You could encapsulate just about anything in the world of prepping under one simple word: planning. Preppers are planning for different scenarios where they must implement one or more plans for how to deal with various aspects of said scenario. We plan on how we will act, what prepping supplies we will need to acquire and we plan how to talk to family members and avoid neighbors.
Preppers plan for medical emergencies by selecting the right medical supplies, books and resources such as wilderness training to put us in a better position to render first aid to wounded family and friends. We plan for economic collapse by investing in precious metals, or diversifying our income by a second or even third job. Preppers plan to bug out and deal with violent confrontations from displaced and possibly hostile individuals or groups that will stop at nothing, including your life to survive themselves. Gardens, food, shelter, alternate power, FEMA, government abuses and on and on we have our plans. But are you planning to fail? Is what you are doing really a plan at all?
I have written a few articles on the subject of planning with respect to prepping because it seems to me like a logical step but I was reminded of this topic again while planning a backpacking trip with a small group of my daughter’s friends. We would be going into the woods in a remote location that I had been to before, but my “plan” focused on me really – the basics I knew I would need to take into consideration and I had not fully appreciated this group of kids that I hardly knew. I hadn’t expanded my scope of thinking outside of my own little bubble. Almost instinctively I was making lists in my head of what gear I would need and where it was stored. Mentally I calculated the weight I would be packing in and pictured myself walking through the woods with my faithful dog and a bunch of teenagers lagging somewhere on the trail behind me. It didn’t take long for me to figure out that I certainly couldn’t “plan” on each of these kids knowing what they were getting into and what they would need.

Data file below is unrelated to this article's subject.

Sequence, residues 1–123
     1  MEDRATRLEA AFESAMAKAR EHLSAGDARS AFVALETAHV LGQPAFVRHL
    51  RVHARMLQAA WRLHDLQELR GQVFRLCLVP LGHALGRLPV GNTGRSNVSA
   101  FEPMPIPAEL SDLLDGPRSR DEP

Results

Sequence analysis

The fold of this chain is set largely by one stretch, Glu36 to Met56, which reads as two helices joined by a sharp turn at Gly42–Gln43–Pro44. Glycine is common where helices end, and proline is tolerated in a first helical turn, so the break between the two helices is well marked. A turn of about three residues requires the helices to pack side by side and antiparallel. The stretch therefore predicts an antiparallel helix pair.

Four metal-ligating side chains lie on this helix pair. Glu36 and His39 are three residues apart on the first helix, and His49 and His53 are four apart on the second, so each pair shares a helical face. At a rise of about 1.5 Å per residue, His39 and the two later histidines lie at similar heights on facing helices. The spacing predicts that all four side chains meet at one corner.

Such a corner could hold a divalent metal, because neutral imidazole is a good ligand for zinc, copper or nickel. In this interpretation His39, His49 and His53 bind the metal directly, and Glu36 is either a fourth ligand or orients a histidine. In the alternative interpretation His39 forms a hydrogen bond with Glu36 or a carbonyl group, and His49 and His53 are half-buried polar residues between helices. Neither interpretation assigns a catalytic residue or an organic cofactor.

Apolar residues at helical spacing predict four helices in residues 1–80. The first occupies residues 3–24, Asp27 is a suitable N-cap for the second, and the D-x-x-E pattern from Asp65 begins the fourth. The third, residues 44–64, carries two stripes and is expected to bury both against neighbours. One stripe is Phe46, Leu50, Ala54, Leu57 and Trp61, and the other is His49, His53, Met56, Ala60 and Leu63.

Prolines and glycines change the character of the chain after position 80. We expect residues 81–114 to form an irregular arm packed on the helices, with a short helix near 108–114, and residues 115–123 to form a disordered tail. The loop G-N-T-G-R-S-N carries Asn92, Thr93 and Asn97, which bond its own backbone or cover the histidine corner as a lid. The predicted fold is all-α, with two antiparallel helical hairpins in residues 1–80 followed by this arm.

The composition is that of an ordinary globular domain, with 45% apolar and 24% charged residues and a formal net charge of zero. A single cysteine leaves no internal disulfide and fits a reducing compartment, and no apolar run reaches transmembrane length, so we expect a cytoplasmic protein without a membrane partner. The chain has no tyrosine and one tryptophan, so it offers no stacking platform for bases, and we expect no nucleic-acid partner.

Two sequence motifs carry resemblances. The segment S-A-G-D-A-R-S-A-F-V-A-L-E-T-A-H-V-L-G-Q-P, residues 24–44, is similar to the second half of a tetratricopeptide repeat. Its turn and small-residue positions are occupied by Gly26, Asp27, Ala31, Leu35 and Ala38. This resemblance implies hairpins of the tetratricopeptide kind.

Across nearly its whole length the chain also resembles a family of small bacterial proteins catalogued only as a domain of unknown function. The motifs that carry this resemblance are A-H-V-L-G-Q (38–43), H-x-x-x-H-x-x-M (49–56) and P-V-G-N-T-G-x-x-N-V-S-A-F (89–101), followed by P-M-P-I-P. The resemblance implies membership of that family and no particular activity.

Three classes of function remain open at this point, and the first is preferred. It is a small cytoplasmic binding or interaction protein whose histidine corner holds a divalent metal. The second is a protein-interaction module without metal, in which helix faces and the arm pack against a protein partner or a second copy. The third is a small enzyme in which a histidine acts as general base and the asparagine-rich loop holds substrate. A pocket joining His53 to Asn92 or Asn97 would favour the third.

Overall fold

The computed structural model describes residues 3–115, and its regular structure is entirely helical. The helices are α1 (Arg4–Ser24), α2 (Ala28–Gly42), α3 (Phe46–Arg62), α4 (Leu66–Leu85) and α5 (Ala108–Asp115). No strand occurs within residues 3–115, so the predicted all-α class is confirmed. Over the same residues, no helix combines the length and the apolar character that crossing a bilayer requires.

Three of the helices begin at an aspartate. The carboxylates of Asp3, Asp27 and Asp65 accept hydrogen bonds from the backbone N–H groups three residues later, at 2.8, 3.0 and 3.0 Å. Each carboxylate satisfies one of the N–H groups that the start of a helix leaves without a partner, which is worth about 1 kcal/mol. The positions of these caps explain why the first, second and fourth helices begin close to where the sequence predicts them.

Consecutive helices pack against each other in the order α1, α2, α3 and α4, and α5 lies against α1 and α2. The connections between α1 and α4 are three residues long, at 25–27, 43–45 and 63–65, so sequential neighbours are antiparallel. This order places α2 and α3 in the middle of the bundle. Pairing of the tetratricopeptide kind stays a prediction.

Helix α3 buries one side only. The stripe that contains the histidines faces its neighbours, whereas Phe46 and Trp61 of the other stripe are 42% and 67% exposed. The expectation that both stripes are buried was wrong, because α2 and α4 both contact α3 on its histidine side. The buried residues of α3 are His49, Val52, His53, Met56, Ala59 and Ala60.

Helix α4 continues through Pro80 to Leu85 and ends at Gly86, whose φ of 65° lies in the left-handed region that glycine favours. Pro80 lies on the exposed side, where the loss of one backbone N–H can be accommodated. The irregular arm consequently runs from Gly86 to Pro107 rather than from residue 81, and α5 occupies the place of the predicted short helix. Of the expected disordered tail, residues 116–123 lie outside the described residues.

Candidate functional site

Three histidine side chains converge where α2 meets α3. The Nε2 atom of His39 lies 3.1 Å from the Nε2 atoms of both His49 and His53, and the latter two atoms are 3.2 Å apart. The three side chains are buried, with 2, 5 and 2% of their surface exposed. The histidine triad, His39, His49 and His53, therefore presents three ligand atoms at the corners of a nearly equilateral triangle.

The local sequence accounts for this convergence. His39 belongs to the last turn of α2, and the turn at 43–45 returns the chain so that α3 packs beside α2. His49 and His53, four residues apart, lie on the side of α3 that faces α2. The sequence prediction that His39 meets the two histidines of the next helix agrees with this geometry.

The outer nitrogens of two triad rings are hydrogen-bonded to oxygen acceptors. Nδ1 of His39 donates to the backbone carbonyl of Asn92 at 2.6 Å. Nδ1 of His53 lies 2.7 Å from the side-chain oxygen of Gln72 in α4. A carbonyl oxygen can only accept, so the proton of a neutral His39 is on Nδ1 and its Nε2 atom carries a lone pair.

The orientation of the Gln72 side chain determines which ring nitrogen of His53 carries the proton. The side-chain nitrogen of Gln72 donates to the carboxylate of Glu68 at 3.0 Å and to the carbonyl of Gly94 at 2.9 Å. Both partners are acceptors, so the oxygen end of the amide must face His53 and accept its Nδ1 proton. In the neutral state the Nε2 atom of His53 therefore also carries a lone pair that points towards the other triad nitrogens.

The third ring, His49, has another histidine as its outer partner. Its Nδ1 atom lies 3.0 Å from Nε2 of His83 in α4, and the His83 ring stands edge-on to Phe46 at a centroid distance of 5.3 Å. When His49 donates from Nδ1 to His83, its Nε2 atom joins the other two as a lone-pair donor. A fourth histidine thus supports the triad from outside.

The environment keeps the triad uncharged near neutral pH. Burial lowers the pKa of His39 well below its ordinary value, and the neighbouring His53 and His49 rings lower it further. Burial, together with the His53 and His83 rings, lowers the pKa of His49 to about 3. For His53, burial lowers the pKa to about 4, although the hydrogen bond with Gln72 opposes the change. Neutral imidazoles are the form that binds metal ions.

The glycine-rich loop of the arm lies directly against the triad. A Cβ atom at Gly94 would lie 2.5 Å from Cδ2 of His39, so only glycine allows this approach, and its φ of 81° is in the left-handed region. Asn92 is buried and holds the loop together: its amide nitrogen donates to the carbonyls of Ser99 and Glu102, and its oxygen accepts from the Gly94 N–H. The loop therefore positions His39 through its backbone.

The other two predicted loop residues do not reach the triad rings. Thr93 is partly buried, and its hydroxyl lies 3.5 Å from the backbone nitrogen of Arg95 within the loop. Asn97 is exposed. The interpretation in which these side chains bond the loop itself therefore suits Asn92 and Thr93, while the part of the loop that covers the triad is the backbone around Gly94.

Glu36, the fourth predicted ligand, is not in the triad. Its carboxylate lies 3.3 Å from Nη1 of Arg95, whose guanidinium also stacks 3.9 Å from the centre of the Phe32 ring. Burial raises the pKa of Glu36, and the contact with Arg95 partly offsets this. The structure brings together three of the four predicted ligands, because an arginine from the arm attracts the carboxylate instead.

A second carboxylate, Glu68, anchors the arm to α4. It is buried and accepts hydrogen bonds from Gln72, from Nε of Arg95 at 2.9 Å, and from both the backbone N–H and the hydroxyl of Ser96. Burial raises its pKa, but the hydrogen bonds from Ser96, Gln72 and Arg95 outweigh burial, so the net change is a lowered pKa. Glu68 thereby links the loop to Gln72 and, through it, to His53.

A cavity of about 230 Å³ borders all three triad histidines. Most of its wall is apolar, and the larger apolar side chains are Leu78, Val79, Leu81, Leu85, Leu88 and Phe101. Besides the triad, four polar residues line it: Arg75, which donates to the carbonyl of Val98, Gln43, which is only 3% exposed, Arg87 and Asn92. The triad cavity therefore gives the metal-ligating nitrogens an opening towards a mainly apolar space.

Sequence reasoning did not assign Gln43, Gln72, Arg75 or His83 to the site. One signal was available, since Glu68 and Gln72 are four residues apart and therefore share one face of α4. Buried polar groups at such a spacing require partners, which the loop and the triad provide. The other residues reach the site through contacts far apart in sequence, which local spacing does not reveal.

I started writing out a list of the basics: Who, What, When, Where, and How. I left out the Why because I don’t need an excuse to go live in the woods for a few days, I have been waiting for almost a year for the opportunity! In my revised plan, I focused on what they would each need to have, the conditions of the voyage into the great unknown and many details the parents would likely need to know. Before long my plan was a two-page word doc that my daughter laughingly said “detailed enough, Dad?” It’s a simplistic example, but I started thinking about my prepping plans considering that exercise.
When I started prepping, the first thing I did resembling a plan was to write out a long list of the items I thought I needed to focus on in order to “be prepared”. I still have that list around here somewhere but I remember exactly the types of things I scribbled down back so many years ago. There were sections for Food, Water, Shelter, Security, Finances, Gardening and Medical. Each section had a list of items I knew from my research could help me and my family. It was a good start but just writing down these supplies I needed wasn’t really a plan. It was a shopping list.
My list helped me get started with the acquisition of food. I was able to focus on first a 30-day supply of food and that grew as I had other items checked off. My list was constantly being analyzed for priority. If I got an extra $100 to spend I would look at my list and see where I had the biggest hole in my preps and move in that direction. Some months I was able to cross items off my list and other months I wasn’t able to. It helped me but again this was not a plan.